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Exposure to untrustworthy websites in the 2020 US election


Research using large-scale data on individuals’ internet use has provided vital information about the scope and nature of exposure to misinformation online. However, most prior work relies on data collected during the 2016 US election. Here we examine exposure to untrustworthy websites during the 2020 US election, using over 7.5 million website visits from 1,151 American adults. We find that 26.2% (95% confidence interval 22.5% to 29.8%) of Americans were exposed to untrustworthy websites in 2020, down from 44.3% (95% confidence interval 40.8% to 47.7%) in 2016. Older adults and conservatives continued to be the most exposed in 2020 as in 2016, albeit at lower rates. The role of online platforms in exposing people to untrustworthy websites changed, with Facebook playing a smaller role in 2020 than in 2016. Our findings do not minimize misinformation as a key social problem, but instead highlight important changes in its consumption, suggesting directions for future research and practice.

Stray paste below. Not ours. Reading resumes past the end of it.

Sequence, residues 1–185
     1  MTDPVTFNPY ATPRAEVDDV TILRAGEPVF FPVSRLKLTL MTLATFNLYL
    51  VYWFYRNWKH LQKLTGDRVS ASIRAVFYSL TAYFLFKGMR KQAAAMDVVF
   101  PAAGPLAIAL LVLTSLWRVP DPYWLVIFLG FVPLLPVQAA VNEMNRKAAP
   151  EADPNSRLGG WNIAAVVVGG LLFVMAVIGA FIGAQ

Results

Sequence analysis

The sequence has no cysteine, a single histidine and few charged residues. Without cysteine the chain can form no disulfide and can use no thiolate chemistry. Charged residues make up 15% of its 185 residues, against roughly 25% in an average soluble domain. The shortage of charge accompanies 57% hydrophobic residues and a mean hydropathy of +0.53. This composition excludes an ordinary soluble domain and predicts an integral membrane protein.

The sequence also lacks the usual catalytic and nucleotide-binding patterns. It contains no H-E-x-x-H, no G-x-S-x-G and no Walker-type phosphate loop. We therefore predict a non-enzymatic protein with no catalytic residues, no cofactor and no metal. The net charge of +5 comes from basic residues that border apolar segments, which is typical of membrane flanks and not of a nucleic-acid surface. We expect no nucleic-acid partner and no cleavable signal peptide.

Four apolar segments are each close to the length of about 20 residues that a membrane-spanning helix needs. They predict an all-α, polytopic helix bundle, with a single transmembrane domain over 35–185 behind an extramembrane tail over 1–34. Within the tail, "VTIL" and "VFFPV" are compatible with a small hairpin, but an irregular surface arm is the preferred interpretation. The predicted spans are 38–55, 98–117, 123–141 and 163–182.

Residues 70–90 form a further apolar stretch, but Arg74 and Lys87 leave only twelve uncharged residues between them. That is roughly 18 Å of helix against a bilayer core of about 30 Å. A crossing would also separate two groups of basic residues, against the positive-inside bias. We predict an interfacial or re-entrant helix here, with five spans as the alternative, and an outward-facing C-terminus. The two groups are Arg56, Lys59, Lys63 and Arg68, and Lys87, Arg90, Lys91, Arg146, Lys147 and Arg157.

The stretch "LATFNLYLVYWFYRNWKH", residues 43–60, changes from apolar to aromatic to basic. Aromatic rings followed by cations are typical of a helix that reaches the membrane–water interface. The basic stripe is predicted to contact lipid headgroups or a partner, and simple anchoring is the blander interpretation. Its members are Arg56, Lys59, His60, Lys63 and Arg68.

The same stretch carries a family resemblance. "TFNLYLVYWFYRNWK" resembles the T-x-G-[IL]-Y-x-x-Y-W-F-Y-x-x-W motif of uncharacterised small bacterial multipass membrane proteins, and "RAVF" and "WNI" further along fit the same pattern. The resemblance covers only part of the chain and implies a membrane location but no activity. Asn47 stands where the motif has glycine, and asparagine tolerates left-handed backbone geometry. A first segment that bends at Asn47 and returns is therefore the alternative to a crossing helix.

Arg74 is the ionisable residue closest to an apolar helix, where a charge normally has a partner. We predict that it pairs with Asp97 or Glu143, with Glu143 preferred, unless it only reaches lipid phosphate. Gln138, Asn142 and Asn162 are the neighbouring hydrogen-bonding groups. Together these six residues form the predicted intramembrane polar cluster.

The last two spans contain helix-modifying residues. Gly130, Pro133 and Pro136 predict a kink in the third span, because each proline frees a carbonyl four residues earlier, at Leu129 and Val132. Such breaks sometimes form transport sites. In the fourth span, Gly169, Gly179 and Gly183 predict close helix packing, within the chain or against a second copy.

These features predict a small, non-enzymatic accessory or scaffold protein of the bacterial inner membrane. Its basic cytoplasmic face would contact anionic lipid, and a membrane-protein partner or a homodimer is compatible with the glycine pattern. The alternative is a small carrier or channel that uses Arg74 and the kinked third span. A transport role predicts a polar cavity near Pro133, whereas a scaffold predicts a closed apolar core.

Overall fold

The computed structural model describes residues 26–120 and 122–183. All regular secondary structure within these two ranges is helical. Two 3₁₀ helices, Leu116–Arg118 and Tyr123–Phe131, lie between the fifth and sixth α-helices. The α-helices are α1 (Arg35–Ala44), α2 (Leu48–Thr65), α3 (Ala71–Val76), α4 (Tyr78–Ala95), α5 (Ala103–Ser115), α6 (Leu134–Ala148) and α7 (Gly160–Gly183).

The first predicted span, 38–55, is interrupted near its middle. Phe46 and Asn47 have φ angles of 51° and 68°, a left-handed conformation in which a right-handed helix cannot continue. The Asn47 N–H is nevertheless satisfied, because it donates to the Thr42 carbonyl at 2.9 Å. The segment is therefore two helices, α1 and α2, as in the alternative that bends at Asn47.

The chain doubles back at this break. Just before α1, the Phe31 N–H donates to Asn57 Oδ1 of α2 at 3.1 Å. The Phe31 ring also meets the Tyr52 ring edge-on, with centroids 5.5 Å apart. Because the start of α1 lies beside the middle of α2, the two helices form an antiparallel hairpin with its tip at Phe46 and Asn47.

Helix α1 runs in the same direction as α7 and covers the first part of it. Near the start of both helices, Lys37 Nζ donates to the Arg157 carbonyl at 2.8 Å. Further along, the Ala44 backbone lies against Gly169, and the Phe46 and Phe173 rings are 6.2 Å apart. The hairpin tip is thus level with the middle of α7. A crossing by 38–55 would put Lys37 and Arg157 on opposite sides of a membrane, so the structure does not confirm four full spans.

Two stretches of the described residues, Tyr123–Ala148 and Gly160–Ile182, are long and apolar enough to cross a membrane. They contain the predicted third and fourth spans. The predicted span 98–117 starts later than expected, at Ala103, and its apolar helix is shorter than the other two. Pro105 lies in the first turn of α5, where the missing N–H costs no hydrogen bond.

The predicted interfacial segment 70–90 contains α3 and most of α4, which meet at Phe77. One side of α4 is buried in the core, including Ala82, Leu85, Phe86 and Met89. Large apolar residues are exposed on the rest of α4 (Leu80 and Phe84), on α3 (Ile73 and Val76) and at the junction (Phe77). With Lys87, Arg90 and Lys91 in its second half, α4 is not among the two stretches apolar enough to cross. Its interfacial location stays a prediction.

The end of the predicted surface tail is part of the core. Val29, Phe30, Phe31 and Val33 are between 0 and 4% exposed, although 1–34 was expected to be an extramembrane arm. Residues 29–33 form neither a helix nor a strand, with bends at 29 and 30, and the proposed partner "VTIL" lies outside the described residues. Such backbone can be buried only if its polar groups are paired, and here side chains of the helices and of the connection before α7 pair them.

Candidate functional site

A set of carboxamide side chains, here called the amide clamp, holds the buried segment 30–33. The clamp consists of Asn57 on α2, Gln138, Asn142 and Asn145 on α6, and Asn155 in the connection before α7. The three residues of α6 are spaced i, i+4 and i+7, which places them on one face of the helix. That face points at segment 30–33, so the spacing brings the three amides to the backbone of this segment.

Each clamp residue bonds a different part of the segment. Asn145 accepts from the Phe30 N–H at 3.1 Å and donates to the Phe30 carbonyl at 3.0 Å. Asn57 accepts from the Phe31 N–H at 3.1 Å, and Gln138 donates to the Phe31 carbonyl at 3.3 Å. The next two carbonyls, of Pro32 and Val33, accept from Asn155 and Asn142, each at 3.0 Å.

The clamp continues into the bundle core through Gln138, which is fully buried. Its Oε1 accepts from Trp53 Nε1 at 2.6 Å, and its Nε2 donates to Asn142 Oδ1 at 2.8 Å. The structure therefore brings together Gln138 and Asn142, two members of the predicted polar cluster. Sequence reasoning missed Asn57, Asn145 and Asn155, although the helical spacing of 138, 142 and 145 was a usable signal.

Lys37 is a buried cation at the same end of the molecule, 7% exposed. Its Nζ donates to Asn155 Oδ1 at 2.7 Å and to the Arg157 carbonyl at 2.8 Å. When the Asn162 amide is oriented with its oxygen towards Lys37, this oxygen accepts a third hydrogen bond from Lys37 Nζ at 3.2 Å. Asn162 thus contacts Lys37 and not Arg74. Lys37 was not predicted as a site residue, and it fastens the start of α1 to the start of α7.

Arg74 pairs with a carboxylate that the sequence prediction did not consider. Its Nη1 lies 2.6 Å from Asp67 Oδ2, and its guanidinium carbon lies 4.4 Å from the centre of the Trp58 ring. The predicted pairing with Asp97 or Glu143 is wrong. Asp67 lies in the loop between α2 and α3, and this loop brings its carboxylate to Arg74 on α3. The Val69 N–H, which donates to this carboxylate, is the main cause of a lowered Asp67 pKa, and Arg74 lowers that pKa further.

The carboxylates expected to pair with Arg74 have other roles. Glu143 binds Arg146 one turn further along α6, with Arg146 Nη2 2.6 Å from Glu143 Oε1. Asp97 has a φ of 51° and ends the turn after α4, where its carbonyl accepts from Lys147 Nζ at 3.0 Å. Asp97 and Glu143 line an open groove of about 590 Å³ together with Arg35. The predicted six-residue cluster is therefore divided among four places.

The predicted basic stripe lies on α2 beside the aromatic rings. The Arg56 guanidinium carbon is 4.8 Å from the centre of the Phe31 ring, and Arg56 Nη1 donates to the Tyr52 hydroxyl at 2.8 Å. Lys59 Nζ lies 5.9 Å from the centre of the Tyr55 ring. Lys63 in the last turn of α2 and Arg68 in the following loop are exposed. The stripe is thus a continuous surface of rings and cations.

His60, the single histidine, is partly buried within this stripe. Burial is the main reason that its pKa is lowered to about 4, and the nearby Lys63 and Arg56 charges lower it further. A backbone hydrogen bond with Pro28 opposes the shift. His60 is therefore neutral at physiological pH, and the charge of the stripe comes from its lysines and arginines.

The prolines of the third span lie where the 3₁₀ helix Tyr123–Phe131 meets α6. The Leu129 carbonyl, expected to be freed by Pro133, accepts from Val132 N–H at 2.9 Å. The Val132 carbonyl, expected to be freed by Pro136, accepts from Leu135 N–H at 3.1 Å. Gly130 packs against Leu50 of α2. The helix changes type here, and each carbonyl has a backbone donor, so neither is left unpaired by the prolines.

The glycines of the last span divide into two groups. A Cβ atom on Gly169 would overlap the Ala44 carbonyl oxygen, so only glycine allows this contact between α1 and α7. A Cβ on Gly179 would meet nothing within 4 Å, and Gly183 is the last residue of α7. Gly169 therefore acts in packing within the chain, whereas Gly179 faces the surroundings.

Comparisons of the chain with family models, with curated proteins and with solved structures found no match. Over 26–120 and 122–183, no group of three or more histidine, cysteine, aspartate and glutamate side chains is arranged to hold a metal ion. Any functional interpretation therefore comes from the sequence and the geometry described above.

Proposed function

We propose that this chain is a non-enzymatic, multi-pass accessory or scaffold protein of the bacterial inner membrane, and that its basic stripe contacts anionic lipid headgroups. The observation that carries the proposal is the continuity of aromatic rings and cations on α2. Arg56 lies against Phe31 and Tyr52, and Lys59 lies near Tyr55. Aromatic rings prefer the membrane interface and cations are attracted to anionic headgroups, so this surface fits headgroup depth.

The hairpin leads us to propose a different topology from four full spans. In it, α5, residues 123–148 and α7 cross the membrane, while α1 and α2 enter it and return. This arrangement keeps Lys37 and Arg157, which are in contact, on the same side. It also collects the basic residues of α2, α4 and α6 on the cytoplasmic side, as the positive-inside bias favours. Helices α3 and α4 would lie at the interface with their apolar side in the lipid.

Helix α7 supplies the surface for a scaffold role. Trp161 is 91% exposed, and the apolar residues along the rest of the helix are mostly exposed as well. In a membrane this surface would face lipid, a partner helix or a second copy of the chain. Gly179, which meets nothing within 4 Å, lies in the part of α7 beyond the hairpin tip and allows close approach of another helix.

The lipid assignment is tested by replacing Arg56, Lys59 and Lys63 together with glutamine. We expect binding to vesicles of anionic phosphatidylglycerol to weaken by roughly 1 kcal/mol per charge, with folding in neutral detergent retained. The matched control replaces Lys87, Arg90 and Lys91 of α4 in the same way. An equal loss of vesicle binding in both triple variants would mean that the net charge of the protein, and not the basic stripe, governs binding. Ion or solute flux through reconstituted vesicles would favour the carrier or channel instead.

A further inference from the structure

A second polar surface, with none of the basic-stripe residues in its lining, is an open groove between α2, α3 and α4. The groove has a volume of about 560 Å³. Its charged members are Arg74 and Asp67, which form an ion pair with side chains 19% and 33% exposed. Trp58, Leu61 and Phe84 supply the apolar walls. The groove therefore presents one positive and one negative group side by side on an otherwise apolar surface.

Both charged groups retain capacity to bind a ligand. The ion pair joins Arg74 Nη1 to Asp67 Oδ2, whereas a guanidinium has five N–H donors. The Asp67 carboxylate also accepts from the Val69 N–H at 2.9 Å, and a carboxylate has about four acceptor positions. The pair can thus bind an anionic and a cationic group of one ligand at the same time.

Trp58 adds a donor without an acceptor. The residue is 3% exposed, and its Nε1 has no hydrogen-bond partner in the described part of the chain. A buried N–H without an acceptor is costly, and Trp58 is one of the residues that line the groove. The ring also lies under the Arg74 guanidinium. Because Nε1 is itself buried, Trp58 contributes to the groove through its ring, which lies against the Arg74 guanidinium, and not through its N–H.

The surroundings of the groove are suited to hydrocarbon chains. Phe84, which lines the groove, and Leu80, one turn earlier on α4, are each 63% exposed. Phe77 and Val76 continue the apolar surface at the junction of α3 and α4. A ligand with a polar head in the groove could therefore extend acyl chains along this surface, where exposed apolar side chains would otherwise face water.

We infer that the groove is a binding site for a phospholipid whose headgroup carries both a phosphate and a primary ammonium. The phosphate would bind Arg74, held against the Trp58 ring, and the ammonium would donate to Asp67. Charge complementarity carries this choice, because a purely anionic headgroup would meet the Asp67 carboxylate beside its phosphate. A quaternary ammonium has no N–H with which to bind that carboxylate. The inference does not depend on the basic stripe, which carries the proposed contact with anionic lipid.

Ryan C. Moore
Ross Dahlke
Jeffrey T. Hancock
Nature Human Behaviour
Publication Date
March 13, 2021